The Components of an IoT Architecture. Regardless of use case, nearly every IoT solution involves the same four components: devices, connectivity, platform, and an application. Some use cases may involve additional layers, but these four components represent the foundation of every IoT solution.
What are the IoT architecture components?. The Complete Internet of things (IoT) Developer Course 2022 [Videos].
Just like Internet has changed the way we work & communicate with each other, by connecting us through the World Wide Web (internet), IoT also aims to take this connectivity to another level by connecting multiple devices at a time to the internet thereby facilitating man to machine and machine to machine interactions.
People who came up with this idea, have also realized that this IoT ecosystem is not limited to a particular field but has business applications in areas of home automation, vehicle automation, factory line automation, medical, retail, healthcare and more.
a. IoT Components
Here, 4 fundamental components of IoT system, which tells us how IoT works.
First, sensors or devices help in collecting very minute data from the surrounding environment. All of this collected data can have various degrees of complexities ranging from a simple temperature monitoring sensor or a complex full video feed.
A device can have multiple sensors that can bundle together to do more than just sense things. For example, our phone is a device that has multiple sensors such as GPS, accelerometer, camera but our phone does not simply sense things.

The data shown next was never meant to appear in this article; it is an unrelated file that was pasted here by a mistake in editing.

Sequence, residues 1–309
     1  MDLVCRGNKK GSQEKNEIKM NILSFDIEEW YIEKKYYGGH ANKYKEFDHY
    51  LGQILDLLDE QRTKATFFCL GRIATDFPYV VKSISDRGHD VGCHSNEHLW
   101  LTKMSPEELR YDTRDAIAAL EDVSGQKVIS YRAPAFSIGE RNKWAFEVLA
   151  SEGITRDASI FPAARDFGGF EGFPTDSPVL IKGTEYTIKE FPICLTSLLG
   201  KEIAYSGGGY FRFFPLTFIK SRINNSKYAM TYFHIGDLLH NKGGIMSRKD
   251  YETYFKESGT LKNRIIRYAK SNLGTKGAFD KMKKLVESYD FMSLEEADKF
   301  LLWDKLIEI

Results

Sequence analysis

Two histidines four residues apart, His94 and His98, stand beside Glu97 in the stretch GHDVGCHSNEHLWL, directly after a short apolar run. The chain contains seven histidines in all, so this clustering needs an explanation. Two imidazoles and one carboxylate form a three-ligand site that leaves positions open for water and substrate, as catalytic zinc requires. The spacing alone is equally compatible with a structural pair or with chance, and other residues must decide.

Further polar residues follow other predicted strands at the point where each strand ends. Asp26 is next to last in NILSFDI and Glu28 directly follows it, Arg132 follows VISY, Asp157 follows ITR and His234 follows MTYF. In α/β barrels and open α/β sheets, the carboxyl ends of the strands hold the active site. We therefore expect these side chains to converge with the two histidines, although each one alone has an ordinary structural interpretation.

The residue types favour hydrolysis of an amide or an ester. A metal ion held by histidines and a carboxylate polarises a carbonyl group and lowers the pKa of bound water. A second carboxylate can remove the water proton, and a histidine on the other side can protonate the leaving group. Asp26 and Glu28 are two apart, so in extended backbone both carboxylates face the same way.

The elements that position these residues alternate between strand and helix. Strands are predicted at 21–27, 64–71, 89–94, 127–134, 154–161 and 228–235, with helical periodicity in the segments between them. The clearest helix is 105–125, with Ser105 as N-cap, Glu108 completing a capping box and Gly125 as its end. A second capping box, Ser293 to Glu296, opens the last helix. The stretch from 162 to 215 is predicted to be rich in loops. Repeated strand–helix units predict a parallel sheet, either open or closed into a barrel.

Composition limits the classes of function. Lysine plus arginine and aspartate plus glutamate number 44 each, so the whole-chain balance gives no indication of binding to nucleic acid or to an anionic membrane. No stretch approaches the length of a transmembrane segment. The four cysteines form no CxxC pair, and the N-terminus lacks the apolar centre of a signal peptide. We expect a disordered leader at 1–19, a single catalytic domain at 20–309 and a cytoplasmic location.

The most rudimentary step will always remain to pick and collect data from the surrounding environment be it a standalone sensor or multiple devices.
Next, that collected data is sent to a cloud infrastructure but it needs a medium for transport.
The sensors can be connected to the cloud through various mediums of communication and transports such as cellular networks, satellite networks, Wi-Fi, Bluetooth, wide-area networks (WAN), low power wide area network and many more.
Every option we choose has some specifications and trade-offs between power consumption, range, and bandwidth. So, choosing the best connectivity option in the IOT system is important.
iii. Data Processing
Once the data is collected and it gets to the cloud, the software performs processing on the acquired data.
This can range from something very simple, such as checking that the temperature watching on devices such as AC or heaters is within an acceptable range. It can sometimes also be very complex, such as identifying objects (such as intruders in your house) using computer vision on video.
But there might be a situation when a user interaction is required, example- what if when the temperature is too high or if there is an intruder in your house? That’s where the user comes into the picture.
iv. User Interface
Next, the information made available to the end-user in some way. This can achieve by triggering alarms on their phones or notifying through texts or emails.
Also, a user sometimes might also have an interface through which they can actively check in on their IOT system. For example, a user has a camera installed in his house, he might want to check the video recordings and all the feeds through a web server.
However, it’s not always this easy and a one-way street. Depending on the IoT application and complexity of the system, the user may also be able to perform an action that may backfire and affect the system.
For example, if a user detects some changes in the refrigerator, the user can remotely adjust the temperature via their phone.
There are also cases where some actions perform automatically. By establishing and implementing some predefined rules, the entire IOT system can adjust the settings automatically and no human has to be physically present.
Also in case if any intruders are sensed, the system can generate an alert not only to the owner of the house but to the concerned authorities.